Why Do My Feet Feel Heavy When Running? NYC Podiatrists Answer Your Questions
Posted by Jenn F. on Monday, October 2nd, 2017
We all know running is one of the best forms of cardio on the planet. Maybe you bought that new pair of running shoes with good intentions. You were going to hit the open road, putting one foot before the other and continuing until you reached that glorious endorphin release known as “the runner’s high.” You were going to fall in love with running, and it would be your pathway to good health and longevity.
But despite your best intentions, you may find it harder than expected to get past the sensation of your feet feeling heavy when running. It’s as if you’ve got two cinder blocks attached to your feet! Our NYC sports medicine doctors hear this complaint a lot from patients who want to know if there’s something wrong and what they can do to overcome this awful feeling of inertia. Today, we explore the possible reasons why your feet feel heavy when running and offer some tips to help you become more fleet of foot.
Poor circulation is one of the chief causes of “cinder block” feet. If you sit at your desk all day, spend long periods driving, or generally cross your legs when you sit, you may suffer from feelings of heaviness in your lower extremities. Diabetes, varicose veins, C.O.P.D., and smoking are other culprits behind impaired circulation that NYC podiatrists are equipped to address. Medical intervention may help in these cases. If lifestyle is the issue, something as simple as changing positions throughout the day, stretching, and walking around the office can be enough to keep the blood flowing.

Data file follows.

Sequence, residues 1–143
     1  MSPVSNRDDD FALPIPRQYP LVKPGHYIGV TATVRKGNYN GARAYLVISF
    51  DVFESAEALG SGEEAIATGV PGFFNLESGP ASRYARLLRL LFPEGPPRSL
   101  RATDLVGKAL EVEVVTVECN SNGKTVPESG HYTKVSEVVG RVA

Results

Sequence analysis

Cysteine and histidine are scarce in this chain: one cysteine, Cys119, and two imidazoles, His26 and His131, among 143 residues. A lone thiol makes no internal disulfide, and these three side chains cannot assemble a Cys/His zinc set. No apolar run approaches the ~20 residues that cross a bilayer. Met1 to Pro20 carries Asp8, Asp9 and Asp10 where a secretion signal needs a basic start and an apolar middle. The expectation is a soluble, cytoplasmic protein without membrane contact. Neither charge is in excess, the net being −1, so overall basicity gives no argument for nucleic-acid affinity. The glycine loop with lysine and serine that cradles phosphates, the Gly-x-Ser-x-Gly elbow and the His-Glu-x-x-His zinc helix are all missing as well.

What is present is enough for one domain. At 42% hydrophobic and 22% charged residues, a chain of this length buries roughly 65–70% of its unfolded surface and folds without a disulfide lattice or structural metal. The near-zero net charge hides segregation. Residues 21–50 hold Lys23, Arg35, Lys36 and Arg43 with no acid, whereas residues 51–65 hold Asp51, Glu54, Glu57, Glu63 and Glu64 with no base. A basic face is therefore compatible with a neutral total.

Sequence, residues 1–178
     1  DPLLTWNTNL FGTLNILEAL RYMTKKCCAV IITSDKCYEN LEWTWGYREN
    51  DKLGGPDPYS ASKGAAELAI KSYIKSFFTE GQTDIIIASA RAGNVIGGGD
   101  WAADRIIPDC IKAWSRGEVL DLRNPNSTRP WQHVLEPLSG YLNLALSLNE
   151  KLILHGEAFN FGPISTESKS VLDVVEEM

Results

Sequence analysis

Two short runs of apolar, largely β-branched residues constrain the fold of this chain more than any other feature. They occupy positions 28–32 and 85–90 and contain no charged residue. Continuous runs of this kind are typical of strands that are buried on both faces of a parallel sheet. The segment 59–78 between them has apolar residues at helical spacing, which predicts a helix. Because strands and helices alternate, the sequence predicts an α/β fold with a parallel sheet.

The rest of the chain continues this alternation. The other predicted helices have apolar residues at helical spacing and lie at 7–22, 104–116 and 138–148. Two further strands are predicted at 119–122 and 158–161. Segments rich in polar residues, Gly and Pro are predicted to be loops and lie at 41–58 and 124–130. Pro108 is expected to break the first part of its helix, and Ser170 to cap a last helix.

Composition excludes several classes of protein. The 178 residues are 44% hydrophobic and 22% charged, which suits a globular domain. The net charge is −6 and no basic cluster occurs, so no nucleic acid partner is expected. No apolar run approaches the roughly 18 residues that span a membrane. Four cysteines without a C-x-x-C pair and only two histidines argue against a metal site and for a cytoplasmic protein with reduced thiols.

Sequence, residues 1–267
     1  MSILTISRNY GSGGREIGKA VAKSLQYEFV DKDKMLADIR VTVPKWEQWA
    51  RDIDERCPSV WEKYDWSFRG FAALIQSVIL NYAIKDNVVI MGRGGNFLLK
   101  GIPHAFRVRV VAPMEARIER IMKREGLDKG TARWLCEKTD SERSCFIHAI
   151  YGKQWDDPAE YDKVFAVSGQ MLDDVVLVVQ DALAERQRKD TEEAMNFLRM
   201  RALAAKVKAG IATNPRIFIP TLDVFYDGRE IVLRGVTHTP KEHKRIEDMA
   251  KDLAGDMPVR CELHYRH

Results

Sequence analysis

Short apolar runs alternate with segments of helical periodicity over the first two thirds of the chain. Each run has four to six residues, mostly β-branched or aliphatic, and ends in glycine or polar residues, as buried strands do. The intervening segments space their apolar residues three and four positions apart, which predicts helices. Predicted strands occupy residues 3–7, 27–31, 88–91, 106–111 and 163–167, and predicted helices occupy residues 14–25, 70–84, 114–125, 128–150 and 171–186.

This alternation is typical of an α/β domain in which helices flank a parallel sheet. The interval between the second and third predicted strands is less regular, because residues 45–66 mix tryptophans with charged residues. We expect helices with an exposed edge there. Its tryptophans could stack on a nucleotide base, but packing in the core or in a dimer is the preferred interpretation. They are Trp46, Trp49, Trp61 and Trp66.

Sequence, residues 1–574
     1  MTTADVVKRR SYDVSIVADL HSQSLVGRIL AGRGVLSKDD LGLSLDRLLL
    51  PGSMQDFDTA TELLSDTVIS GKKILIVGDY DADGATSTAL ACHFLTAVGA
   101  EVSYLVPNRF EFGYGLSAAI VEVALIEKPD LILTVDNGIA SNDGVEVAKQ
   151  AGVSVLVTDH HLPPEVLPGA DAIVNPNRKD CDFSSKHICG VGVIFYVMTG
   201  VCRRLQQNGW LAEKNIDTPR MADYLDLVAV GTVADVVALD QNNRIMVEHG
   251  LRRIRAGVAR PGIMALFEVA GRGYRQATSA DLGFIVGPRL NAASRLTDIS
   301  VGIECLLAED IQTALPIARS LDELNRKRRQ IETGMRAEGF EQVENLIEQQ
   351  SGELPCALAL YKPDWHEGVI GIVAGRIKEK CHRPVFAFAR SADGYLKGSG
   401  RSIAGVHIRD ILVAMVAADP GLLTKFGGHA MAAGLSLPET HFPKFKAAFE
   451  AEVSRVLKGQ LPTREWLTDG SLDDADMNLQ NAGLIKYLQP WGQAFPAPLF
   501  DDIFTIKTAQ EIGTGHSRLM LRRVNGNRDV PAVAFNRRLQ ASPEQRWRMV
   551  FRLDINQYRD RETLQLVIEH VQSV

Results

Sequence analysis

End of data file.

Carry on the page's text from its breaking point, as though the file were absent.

Weight gain due to pregnancy or overeating combined with a sedentary lifestyle places undue stress on the feet and legs. People report feeling a difference with as little as a 2 percent weight gain. Small-scale weight gain is often caused by fluctuations with water retention, so we advise patients to be conscientious about how much carbs and salt they consume. Engaging in low-impact exercise—such as the elliptical trainer, swimming, or a recumbent bike—is a good way to shed some extra weight before picking up a higher intensity activity like running.
A lack of magnesium, iron, or folate in your diet will cause you to feel gravity’s effects more keenly. These nutrients are required for the production of hemoglobin, the part of your red blood cells that carries oxygen through the bloodstream. Improving your diet by eating leafy greens, legumes, seafood, meat, lentils, and fortified whole wheat will help you combat overall fatigue and malaise.
Sweating makes you lose water and electrolytes—and you sweat a lot when you run. Electrolytes ensure the muscles and nerves function properly, so a lack of electrolytes causes the body to feel sluggish and dysfunctional.
Dehydration also depletes blood volume, which deprives your muscles of oxygen. The general recommendation is to drink eight glasses of water a day, but sports medicine doctors tell their patients there is no true “one-size-fits-all” guideline. Drink water whenever you’re thirsty, and remember that your urine should be light-colored. Bring a water bottle along with you on any run lasting longer than 30 minutes. When temperatures outside are high, fuel up with a sports drink prior to a run.